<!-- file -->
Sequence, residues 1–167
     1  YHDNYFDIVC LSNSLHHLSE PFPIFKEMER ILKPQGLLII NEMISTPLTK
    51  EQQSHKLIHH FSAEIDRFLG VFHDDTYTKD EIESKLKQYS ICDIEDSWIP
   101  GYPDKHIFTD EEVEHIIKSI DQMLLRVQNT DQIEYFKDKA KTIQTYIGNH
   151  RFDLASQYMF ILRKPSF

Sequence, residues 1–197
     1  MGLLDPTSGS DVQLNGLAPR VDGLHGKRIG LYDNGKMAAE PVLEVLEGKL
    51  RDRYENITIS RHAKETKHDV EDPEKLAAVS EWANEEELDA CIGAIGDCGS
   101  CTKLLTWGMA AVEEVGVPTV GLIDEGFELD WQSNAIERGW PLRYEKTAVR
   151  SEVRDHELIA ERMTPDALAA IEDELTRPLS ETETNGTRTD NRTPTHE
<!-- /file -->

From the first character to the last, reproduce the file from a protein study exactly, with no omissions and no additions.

Sequence, residues 1–167
     1  YHDNYFDIVC LSNSLHHLSE PFPIFKEMER ILKPQGLLII NEMISTPLTK
    51  EQQSHKLIHH FSAEIDRFLG VFHDDTYTKD EIESKLKQYS ICDIEDSWIP
   101  GYPDKHIFTD EEVEHIIKSI DQMLLRVQNT DQIEYFKDKA KTIQTYIGNH
   151  RFDLASQYMF ILRKPSF

Sequence, residues 1–197
     1  MGLLDPTSGS DVQLNGLAPR VDGLHGKRIG LYDNGKMAAE PVLEVLEGKL
    51  RDRYENITIS RHAKETKHDV EDPEKLAAVS EWANEEELDA CIGAIGDCGS
   101  CTKLLTWGMA AVEEVGVPTV GLIDEGFELD WQSNAIERGW PLRYEKTAVR
   151  SEVRDHELIA ERMTPDALAA IEDELTRPLS ETETNGTRTD NRTPTHE